Lev Muchnik is an Associate Professor in the Data Science Department at the Hebrew University Business School.
His expertise lies in the collection and analysis of massive datasets representing large-scale social systems, and their modeling using tools borrowed from social sciences and statistical physics. Muchnik’s recent research has focused on theoretical and empirical problems related to the structure and evolution of social networks, as well as peer effects, the spread of behavioral norms, information diffusion, and other processes specific to networked environments. Jointly with collaborators, Prof. Muchnik developed a seminal method for the identification of peer influence on networks, and conducted large-scale randomized controlled experiments in online communities. His expertise includes the design of scalable microscopic simulations of complex multi-agent systems and time-series analyses, in particular of long-term memory and scaling characteristics of financial data.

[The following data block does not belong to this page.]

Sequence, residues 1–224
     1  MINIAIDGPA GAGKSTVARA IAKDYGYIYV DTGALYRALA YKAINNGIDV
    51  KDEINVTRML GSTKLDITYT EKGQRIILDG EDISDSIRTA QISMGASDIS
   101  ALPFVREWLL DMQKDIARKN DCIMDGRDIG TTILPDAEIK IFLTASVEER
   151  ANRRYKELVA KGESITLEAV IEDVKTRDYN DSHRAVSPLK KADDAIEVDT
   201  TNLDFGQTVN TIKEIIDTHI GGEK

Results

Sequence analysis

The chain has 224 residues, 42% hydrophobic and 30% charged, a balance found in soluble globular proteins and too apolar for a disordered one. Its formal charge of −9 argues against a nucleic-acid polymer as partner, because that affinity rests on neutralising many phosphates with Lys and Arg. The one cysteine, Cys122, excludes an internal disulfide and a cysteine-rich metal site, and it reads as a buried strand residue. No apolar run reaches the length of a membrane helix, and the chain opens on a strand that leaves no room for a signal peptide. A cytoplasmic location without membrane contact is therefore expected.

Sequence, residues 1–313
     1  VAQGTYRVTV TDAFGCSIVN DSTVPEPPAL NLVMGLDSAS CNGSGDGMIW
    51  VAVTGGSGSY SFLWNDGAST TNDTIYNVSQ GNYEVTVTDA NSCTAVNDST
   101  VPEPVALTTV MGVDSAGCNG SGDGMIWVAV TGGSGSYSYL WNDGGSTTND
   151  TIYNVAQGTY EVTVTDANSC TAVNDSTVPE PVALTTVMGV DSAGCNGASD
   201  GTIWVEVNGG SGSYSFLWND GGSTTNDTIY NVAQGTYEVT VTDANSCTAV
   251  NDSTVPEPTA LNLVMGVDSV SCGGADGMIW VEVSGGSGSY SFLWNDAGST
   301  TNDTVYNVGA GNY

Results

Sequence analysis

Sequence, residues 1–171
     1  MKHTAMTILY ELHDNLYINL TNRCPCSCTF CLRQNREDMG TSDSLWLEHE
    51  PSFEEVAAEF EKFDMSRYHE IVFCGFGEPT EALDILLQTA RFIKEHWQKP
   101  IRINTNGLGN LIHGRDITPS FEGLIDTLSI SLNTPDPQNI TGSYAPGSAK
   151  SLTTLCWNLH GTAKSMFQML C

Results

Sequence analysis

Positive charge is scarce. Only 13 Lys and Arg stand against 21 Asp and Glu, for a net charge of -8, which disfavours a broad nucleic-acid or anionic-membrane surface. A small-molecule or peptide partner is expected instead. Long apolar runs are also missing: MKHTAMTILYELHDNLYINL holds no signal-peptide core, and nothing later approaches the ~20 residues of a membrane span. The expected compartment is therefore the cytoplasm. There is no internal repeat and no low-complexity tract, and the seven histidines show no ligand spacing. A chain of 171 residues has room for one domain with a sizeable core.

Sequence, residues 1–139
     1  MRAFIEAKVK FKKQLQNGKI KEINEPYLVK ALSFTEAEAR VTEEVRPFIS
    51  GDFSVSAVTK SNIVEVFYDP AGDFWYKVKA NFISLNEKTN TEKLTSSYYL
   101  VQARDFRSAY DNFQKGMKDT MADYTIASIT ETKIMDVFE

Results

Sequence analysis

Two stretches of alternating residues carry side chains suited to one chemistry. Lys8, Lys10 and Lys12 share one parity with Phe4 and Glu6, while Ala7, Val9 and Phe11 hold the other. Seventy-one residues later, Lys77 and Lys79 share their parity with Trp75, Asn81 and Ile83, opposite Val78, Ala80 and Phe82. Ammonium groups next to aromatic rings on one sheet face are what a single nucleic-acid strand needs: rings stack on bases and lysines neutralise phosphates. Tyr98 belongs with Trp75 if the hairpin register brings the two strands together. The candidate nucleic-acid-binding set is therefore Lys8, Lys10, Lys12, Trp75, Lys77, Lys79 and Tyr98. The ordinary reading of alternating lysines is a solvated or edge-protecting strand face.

His research has been published in Science, Network Science, Scientific Reports, Advances on Practical Applications of Agents and Multi-Agent Systems, Physica A: Statistical Mechanics and its Applications, Bulletin of the American Physical Society, Complexity Hints for Economic Policy, Nature Physics, Physical Review E, Practical Fruits of Econophysics, Bioinformatics, and Artificial Economics.
Prof. Muchnik earned his Ph.D. in Physics from Bar-Ilan University. He holds a B.A. in Physics from Hebrew University.
In addition to his academic experience, Prof. Muchnik has served as a Visiting Researcher at Microsoft, and a Senior Research Scientist at NYU’s Stern School of Business.
He teaches courses in Data Science, Big Data Analytics, and Information Science.